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This book analyses the concept of the rule of law in the context of international law, through the case law of the European Court of Human Rights. It investigates how the court has defined and interpreted the notion of the rule of law in its jurisprudence.
It places this analysis against a background of more theoretical accounts of the idea of the rule of law, drawing in ideas of political philosophy. It also provides a comparative assessment, demonstrating how the idea of the rule of law has evolved in the UK, France, and Germany.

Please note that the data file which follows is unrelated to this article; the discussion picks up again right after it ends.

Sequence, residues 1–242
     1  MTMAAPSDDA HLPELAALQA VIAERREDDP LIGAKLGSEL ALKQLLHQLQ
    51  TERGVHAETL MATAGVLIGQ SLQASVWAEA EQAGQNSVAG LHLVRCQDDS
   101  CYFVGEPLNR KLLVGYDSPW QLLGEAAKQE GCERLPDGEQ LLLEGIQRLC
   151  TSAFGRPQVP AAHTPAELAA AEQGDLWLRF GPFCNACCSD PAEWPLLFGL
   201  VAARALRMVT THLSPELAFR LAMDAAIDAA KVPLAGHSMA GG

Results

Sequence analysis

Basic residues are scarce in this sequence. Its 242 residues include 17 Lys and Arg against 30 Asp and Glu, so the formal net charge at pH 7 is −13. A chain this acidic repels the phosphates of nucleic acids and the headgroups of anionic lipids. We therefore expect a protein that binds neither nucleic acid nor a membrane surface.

The book argues that at the core of the concept of the rule of law are the notions of legality and judicial safeguards. It states that the Court has developed the requirements of legality, which the work analyses in detail, based on that concept. It assesses the independence of the judiciary as an aspect of the rule of law in the context of the European Convention on Human Rights, and the relationship between the rule of law and the substantive contents of law.
The book posits that the rule of law as seen at the Court is not mainly utilised with regard to 'freedom' rights, but is more concerned with procedural rights. It discusses the relationship between the rule of law and the view of the Convention as a constitutional instrument of the European public order, and shows that the rule of law and democracy are inextricably linked in the case law of the Court.
Ultimately, the book demonstrates in its analysis of the Court's jurisprudence that the notion of the rule of law is a crucial part of the international legal order.